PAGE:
P’ eq sq’oves Slha’ :li’- Yvette carries her traditional name, White-Plume-Woman, meaning close to the heart. She is Sto:lo meaning “People of the Fraser river” and is from Chawathil First Nations. Her healing journey began over 24 years ago; traditionally, culturally, and spiritually. Many of those years have been spent working alongside elders, spiritual healers, teachers and people of many different cultures and hierarchies. She has extensive knowledge of traditional plants and medicine.
Yvette is a caretaker, works in archeology, and also works with storytelling, Salish weaving, spiritual cleansing, and runs sweat lodges. Yvette’s talk is entitled “Traditional plants and Medicine.” This knowledge, which is common to First Nations people, has been passed on to her by mother Ida John, elders, herbologists and botanists.
Claude ‘Rocky’ LaRock was born in 1958 in Seattle, Washington. At 12 years of age, Rocky moved to his mother’s Coast Salish homeland, the beautiful little community called Sts’ailes, nestled at the foot of Mt. Hemlock, located in the Fraser Valley.
For four decades Rocky has built a successful career as a first Nations artist showcasing his work in galleries, businesses, and private collections. Rocky also uses his talents to teach First Nations’ culture and art in many institutions such as the First Nations Correctional facility, the University of the Fraser Valley, and the community Sts’ ailes school.
Rocky’s art is greatly influenced by the forests, surrounding wildlife, and a lifestyle rich in Coast Salish culture. Rocky continues to reside with his family in Sts ‘ailes and is an active member of the community and cultural traditions.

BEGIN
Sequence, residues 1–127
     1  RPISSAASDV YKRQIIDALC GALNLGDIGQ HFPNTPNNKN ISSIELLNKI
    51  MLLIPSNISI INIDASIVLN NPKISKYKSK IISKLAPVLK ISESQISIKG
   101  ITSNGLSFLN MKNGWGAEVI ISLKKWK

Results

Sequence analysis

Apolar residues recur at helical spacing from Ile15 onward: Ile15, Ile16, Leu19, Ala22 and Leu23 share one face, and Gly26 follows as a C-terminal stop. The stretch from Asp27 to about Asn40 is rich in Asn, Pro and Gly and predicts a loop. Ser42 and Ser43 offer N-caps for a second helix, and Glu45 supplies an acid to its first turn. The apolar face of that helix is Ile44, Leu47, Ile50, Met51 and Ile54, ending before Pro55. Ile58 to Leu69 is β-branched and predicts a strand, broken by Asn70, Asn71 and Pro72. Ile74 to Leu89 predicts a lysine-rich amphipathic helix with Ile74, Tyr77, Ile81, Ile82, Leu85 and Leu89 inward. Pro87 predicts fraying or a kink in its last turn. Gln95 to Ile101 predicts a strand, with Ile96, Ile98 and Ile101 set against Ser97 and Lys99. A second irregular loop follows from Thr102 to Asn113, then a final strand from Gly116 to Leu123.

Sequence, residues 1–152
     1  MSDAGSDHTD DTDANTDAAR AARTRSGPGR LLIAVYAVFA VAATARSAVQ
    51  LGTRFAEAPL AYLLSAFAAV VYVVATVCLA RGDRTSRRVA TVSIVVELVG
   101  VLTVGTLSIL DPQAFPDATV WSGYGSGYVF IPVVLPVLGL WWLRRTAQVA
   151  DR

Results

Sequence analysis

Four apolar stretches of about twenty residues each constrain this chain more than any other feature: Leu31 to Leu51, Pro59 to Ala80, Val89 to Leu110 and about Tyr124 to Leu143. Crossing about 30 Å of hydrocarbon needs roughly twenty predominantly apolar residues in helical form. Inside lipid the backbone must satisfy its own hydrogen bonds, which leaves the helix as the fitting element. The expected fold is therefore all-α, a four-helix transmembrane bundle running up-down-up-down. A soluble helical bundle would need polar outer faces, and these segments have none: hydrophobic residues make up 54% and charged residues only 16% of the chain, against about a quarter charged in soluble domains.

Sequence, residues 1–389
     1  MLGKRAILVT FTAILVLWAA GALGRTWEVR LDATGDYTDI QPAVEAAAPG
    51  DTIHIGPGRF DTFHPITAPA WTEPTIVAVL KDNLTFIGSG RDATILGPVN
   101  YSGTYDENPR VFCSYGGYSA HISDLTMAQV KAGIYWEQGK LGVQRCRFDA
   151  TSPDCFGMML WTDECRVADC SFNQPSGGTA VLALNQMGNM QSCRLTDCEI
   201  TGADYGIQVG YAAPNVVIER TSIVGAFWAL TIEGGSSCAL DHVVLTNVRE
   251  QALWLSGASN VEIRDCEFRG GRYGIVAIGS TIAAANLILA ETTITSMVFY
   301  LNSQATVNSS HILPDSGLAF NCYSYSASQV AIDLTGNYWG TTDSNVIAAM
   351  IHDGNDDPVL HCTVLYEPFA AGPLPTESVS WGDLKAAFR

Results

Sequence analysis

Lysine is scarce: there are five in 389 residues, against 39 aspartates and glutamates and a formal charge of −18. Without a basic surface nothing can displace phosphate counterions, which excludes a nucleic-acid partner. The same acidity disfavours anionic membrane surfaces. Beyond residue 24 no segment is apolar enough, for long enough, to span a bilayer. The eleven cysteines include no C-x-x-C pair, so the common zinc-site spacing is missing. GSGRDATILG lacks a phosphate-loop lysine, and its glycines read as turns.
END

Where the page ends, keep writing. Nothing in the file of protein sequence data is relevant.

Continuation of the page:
Carrie is a freelance writer who grew up on property in Northern Mission and now resides in Deroche, BC with her husband, son, and four-legged companions. She has always been drawn to words and language and began writing short stories in grade school, moving on to pursue English and Social Media & Culture studies post-secondary. She has contributed to several local publications through writing and editing and is a regular contributor to The Footprint Press. Since her move to Deroche five years ago, she established and maintains the website and social media platforms for “The Deroche Decibel” to help connect people and share local resources in her small and often isolated community.
Although writing has been a huge part of her life, her true passion has been the welfare of animals, both domestic and wild. She spent years working as a Veterinary nurse and now focuses much of her writing on compassionate ways to help the creatures around us. Carrie gains inspiration from spending time outdoors and reconnecting with nature and has a large list of hobbies including crocheting, reading, music, art, film, Eastern philosophy, cooking and nutrition.
Lovena is a native to Mission and now lives in Maple Ridge. She graduated from Simon Fraser University with a degree in Environmental Science and a focus in Applied Biology. She has worked with local groups such as the South Coast Conservation Program, Fraser Valley Conservancy, and the Fraser Valley Watersheds Coalition to raise awareness and enhance habitat for species and ecological communities at risk in the area. Her passion lies in environmental sustainability and she hopes to continue to undertake projects and follow a career that allows her to do what she loves.
Peter Gong was born in Mission B.C. and raised in Maple Ridge on Whonnock reserve #1. As a teenager, his uncle introduced him to west coast native art, in the form of carving wood and ivory. West Coast art has become a driving passion in his life, and he now works full time in his carving studio at his home in Mission . As an artist he wants to create new pieces that challenge his abilities and skills as a carver. Thanks go out to his friend and mentor Tom Patterson, and the late George Pennier (Leon), who have helped him develop as an artist.